Danish-based Knaplund Distillery, makers of Gin Magic drew inspiration from the United States for its line of products which it just launched late last year. “. Knaplund has taken the best from the United States and added a splash of Western Jutland.” [source]
But for one of their latest gins they’ve taken inspiration from a very different place: Portugal and Spain. Use of the color changing butterfly pea isn’t altogether new. It was used in tea for centuries before. In 2017–18 a fad?/trend has emerged for putting the color changing ingredient in gin.
Gin Magic changes color because the butterfly pea changes color in the presence of acid (such as tonic water). There is now at least ten to twenty such gins on the market (enough to warrant entire articles devoted to lists of them), and seemingly more each passing month. All have a gorgeous translucent sapphire hue and all turn pink— slightly— in cocktails.
Gin Magic’ nose is rather plain at first. Dry juniper hovers at the top with slight coriander and spice notes. A hint of dried raspberries and musk melon emerges— amazingly, the fruit notes seem to be a bit more tenacious, holding on— though all seem to be gone rather quickly. Gin Magic quickly quiets.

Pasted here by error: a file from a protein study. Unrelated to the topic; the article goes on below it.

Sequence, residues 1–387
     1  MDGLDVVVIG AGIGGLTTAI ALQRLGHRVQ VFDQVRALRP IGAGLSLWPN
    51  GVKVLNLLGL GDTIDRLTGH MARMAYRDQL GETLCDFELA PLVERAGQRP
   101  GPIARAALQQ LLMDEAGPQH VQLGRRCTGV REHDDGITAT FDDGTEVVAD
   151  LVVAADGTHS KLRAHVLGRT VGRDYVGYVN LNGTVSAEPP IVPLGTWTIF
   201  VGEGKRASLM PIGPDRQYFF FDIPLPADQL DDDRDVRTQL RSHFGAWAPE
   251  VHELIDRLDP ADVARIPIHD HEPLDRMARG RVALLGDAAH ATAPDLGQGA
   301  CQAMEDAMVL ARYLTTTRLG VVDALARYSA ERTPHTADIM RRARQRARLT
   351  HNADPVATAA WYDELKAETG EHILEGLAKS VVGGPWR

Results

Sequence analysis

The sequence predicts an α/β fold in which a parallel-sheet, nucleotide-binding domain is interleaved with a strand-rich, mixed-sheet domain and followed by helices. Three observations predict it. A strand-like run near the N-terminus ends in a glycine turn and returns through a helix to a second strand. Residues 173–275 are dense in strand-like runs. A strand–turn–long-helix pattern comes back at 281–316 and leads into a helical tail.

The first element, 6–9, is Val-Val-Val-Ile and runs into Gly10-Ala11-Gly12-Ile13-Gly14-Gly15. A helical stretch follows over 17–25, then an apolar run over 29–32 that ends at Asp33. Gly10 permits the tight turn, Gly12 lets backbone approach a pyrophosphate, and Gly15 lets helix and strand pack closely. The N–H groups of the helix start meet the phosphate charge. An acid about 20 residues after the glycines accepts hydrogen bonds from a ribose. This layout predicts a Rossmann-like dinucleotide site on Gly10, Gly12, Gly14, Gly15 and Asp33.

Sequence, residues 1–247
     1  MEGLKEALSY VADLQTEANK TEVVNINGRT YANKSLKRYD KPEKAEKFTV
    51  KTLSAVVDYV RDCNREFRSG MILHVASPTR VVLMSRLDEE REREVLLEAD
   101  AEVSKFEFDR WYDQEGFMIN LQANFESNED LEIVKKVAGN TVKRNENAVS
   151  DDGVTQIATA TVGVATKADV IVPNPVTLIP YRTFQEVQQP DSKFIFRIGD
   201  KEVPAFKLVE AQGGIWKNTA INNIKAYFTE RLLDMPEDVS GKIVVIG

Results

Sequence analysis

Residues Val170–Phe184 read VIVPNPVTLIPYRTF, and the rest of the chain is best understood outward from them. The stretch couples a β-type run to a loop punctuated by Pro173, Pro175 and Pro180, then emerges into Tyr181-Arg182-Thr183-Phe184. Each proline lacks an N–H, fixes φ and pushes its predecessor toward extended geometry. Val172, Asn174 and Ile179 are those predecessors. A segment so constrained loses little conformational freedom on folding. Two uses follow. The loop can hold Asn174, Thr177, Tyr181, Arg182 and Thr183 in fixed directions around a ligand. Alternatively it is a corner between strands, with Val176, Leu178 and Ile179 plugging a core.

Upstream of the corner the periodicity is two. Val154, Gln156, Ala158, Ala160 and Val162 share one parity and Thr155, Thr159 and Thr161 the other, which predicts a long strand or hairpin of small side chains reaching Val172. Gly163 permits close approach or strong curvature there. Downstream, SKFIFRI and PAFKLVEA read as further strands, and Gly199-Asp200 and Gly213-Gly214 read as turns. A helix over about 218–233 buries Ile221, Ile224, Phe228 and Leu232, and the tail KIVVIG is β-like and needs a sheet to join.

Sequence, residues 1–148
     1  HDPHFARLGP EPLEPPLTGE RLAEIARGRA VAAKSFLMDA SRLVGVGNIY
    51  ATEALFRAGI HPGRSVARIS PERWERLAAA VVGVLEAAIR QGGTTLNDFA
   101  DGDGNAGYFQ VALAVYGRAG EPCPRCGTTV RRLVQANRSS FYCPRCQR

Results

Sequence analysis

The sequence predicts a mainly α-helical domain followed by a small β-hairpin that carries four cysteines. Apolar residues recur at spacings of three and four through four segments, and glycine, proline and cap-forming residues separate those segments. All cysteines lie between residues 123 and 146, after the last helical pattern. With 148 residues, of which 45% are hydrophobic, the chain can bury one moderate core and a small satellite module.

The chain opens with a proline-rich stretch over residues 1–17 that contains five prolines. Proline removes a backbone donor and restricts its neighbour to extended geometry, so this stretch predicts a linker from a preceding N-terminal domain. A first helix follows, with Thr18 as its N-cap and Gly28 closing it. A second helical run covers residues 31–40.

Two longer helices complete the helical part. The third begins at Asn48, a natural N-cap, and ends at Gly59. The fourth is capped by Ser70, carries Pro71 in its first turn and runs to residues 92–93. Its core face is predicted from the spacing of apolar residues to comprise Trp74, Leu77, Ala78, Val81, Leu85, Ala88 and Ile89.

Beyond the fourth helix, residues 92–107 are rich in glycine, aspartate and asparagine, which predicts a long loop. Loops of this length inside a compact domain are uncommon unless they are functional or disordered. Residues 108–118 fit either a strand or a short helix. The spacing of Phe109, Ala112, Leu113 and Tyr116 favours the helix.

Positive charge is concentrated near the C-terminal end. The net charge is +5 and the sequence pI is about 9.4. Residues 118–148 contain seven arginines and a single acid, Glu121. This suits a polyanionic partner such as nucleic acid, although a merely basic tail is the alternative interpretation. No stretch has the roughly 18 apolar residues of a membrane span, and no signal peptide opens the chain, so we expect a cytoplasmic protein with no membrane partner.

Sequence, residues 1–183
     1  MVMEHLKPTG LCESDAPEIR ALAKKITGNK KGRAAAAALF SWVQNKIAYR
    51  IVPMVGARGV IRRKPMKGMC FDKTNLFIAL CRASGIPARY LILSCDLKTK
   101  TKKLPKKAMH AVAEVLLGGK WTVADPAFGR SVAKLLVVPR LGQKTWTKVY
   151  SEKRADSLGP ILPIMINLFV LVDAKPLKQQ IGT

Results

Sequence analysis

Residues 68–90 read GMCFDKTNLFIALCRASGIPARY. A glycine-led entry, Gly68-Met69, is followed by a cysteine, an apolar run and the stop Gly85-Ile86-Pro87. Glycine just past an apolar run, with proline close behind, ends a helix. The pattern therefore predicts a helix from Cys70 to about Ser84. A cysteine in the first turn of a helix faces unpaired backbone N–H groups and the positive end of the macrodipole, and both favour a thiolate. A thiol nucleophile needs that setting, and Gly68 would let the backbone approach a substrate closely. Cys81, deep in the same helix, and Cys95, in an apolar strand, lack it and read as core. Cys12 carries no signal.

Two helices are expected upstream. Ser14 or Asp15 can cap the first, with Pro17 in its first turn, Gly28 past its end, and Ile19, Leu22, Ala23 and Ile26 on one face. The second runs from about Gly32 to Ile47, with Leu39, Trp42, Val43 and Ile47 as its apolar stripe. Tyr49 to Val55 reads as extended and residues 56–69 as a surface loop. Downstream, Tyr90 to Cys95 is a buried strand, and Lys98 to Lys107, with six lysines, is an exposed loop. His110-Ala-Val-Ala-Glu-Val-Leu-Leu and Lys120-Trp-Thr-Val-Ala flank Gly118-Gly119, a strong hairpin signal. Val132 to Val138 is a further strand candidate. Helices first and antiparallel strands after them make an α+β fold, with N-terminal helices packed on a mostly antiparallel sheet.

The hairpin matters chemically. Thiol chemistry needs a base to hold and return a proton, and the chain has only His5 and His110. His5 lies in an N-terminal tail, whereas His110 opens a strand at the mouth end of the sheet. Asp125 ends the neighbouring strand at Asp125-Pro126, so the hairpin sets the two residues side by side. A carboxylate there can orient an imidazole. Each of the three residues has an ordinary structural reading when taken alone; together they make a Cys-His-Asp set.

To the taste Gin Magic has sweet orange zest notes early, a crisp hibiscus and berry herbal tea mid-palate, and a dry semi-astringent finish. It’s a little less overtly fruit and berry-forward than others like Sharish for example.
I found at least the magic a bit underwhelming. The color change in a Gin and Tonic is less vivid than others. Though maybe that has to do with travel, resting time of altitude. The video on their Facebook page shows more pronounced color change than I was getting.
As a drink though, I think it is better with a floral or citrus tonic water to lift it up a bit. The flavor is a bit dry with a normal tonic. I do think that although that may appeal to some, there’s a challenge with the market Gin Magic is appealing too— people tend to expect these gins to be a bit more boldly contemporary with literal fruit and jammy flavors. That’s not Gin Magic at all.
Overall, Gin Magic
Simply tasted as a gin, Gin Magic fails to deliver on a few fronts. The palate is dry and unbalanced and juniper is a bit of an afterthought. Which is sad because a more vivacious juniper would do a lot on the dull nose and mid-palate.
The finish is astringent but rather lacking in flavor. The botanicals don’t work or string themselves together. It’s a Hibiscus Tea with other things hanging around, not really working with or off one another.
In a crowded marketplace, certainly color might help you stand out a bit on the shelf. Gin Magic just doesn’t have enough magic where it counts— on the palate.